Do you need to raise money against your home?

Are you under 55?

There is a currently a massive demand for equity release under 55.  Bank base rates are basically zero and could go negitive like in the eurozone, so you can borrow money very cheaply.

They can be used for:

  • Debt consolidation
  • Home improvements
  • Buy-To-Let deposits
  • Investment purposes

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For Equity Release Under 55 why are the rates so low?

The graph below shows the 10 year gilt yield over time.  As of today 16/03/2021 the government can borrow money for 10 years at 0.78%, which is a very low rate.  So if you have capital, lending it a bit above 0.78% you can make money.  Due to the strength of the UK residential property market, lenders including overseas lenders see UK property as excellent quality collateral.

How is equity release under 55 achieved in 2021?


In general, the older someone is, the more cash he or she will be able to release from the value in the property. But, where does that leave those who are under the age of 55, especially when demand for equity release under 55 is so high.

Option 1 – Remortgage

One option available to those who are under the age of 55 to help increase cash flow is to take out a second mortgage against the home. Doing this is an effective way of using a homeowner’s property to raise the cash they need to do several different projects, including home renovations, repairs required, or even making large purchases.

For more information on remortgages and how it can affect your finances, it is always recommended to speak with a financial specialist before moving forward.

Option 2 – Secured Loans

Secured loans are another option for those who are too young to qualify for a lifetime mortgage or other equity release scheme. Secured loans are loans that are secured with the borrower’s property.

From the borrower’s standpoint, the difference between a secured and unsecured loan is the overall interest rate – since lenders have a guarantee that the loan will be repaid, in repossessing the home, they are more likely to offer much lower interest rates to borrowers who choose secured loans.

Secured loans also have a longer repayment term than unsecured loans, giving borrowers more time to straighten out their finances and get the loan paid off.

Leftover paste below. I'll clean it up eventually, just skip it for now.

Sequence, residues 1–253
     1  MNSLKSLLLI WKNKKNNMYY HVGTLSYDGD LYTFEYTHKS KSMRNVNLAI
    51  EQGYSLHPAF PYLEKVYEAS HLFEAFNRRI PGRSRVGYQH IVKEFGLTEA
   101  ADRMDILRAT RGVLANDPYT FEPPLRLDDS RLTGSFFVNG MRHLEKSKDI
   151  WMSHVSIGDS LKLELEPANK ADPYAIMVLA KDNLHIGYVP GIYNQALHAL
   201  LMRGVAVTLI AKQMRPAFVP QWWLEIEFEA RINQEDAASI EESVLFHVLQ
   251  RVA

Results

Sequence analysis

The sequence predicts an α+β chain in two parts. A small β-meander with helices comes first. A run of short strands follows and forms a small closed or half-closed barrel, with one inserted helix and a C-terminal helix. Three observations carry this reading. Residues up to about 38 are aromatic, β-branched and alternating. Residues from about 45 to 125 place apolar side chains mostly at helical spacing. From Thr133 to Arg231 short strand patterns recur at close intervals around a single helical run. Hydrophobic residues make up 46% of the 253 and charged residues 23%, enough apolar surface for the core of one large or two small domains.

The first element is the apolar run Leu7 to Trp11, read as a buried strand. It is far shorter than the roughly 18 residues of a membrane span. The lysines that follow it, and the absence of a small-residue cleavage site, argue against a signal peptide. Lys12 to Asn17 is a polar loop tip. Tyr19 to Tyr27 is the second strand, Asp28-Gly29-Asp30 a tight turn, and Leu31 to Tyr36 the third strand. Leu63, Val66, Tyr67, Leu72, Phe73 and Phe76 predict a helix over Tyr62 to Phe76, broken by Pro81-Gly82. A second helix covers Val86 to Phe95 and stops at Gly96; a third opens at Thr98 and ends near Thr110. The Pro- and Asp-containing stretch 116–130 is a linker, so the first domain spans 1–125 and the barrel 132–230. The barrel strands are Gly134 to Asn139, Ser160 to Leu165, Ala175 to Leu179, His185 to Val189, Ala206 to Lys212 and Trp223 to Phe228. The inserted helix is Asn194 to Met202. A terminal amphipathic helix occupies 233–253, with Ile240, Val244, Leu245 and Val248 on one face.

Although these may seem like great benefits added to low-interest rates, the longer the loan takes to get paid off the more the interest rates will add up over time, meaning the borrower could be paying back significantly more than the borrowed at the end of the loan’s terms. This is why lenders are comfortable giving out vast sums in secured loans.

Another vital point to think about when considering applying for a secured loan is the security used to take out the loan will be at risk. More traditionally, lenders will only allow a borrower to use the owned property as security – although, in some specific circumstances, other assets can be used.

This means, should the borrower not be able to make his or her monthly payments toward repaying the loan, the lender will have the right to repossess the property to recover the money at risk.

What about Unsecured Loans instead of Equity Release Under 55?

For smaller amounts of funding, lenders may also offer the borrower an unsecured loan option. If you are looking to borrow less than £25,000 an unsecured option will be the better choice, 100 per cent of the time.

Unsecured loans will not put the borrower’s home or other significant, essential assets at risk. If the amount needed is over £25,000, a secured loan is the better option, allowing the borrower to spread out the cost of this financing out over a more extended period which is not available through an unsecured loan.

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by Mrs S Davis on JF

Thanks for your help